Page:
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2018 has already proven to be a historic year for us. We welcomed our new Chief Executive, Barry White; launched our draft Strategic Transport Plan; saw Rail North transition into our organisation and celebrated gaining statutory status, becoming England’s first Sub-national Transport Body.
In this interview, Barry White reviews the achievements of Transport for the North to date and describes his vision for an organisation with transformational ambitions.
What attracted you to the role of chief executive at Transport for the North?
There is a clear opportunity to make a significant difference. When you look at the transport system in the North of England and how unbalanced the UK economy is, it was very clear to me that this was a job worth doing.
My career to date has involved the setting up of a lot of new organisations and developing new ways of doing things so I found the prospect of being part of building England’s first ever Sub-national Transport Body in England, extremely attractive.
How does it feel to be leading England’s first sub-national transport body?
Fabulous – it’s always great to be the first. But what I must say is that I’ve only been part of it for four months, of course all the hard work over the last two years is what’s got us to this stage. We’ve achieved so much thanks to the great team here at Transport for the North which has allowed us to secure the foundations for us to move forward as a statutory body.
And we’ve still got so much to do in the year ahead; becoming a Sub-national Transport Body is merely the launchpad for what we need to do next. It’s wonderful to be first but now we’ve got a very ambitious business plan that we need to crack on with.
What is the importance of the organisation being a public/private partnership?
I think it makes us pretty unique. On our board we have elected representatives from the local authority areas but sitting alongside them are business people from the local enterprise partnerships. This exceptional mix of political and business input endorses the message that the Strategic Transport Plan is not just about transport but is also about the economy as a whole.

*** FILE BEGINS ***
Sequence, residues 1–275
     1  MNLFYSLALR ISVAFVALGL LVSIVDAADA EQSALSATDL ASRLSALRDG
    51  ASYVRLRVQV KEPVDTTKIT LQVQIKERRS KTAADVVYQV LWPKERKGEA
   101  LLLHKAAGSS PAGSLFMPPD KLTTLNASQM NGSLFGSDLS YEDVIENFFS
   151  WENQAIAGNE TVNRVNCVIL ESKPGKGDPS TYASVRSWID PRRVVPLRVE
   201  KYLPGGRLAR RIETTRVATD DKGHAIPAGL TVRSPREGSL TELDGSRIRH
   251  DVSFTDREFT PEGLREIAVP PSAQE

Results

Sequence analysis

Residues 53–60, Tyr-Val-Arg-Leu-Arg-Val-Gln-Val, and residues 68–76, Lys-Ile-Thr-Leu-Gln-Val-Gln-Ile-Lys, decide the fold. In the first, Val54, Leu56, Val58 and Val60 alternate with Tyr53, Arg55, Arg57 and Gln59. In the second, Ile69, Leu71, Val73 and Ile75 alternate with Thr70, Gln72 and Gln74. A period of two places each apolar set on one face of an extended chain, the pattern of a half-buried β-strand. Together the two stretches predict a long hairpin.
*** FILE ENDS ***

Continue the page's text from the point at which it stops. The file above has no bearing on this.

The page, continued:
We’re unique for a reason, that composition and that grouping is there to ensure that political and business voices are heard in harmony so that we can make more informed decisions in the long run.
How will statutory status change the way the organisation operates?
For me, what’s important is not just what the new powers are that statutory status brings, it’s how we are going to use these powers. On a fundamental level, we now have a formal role in providing input to the national investment plans on behalf of the whole of the North of England. Put simply, this means that by articulating the case for investment with a strong and determined voice, we can influence national decision making on behalf of the North.
There are many practical changes as well. For instance, we can now be an employer and a procurer in our own right which puts us on a strong long-term footing. That means we can attract and retain great people and employ them directly rather than using our previous host employers.
Tell us about Rail North’s integration into Transport for the North
We’re delighted to have Rail North become part of our organisation. Bringing the team on board is great, but particularly great thanks to the fact that they have achieved so much already, including helping set up the current franchise arrangements for TransPennine Express and Northern. As a result, we are going to see unprecedented amounts of investment in the North – over a £1bn of investment in this franchise period alone.
Practically, what that means is that later this year, we will see new trains deployed across the North of England with the old pacer trains being phased out. There’s currently around 850 seats per hour between Leeds and Manchester. As a result of the rolling stock improvements scheduled by December 2019, this will increase to over 2000 seats per hour. It’s not just about introducing new trains, it’s about increasing capacity – more trains, more seats, greater comfort, greater reliability.
Rail North have trail blazed how effective a pan-northern voice can be in shaping and moulding how investment can be planned to accord with the priorities of the North.
What is the significance of the Strategic Transport Plan for the North?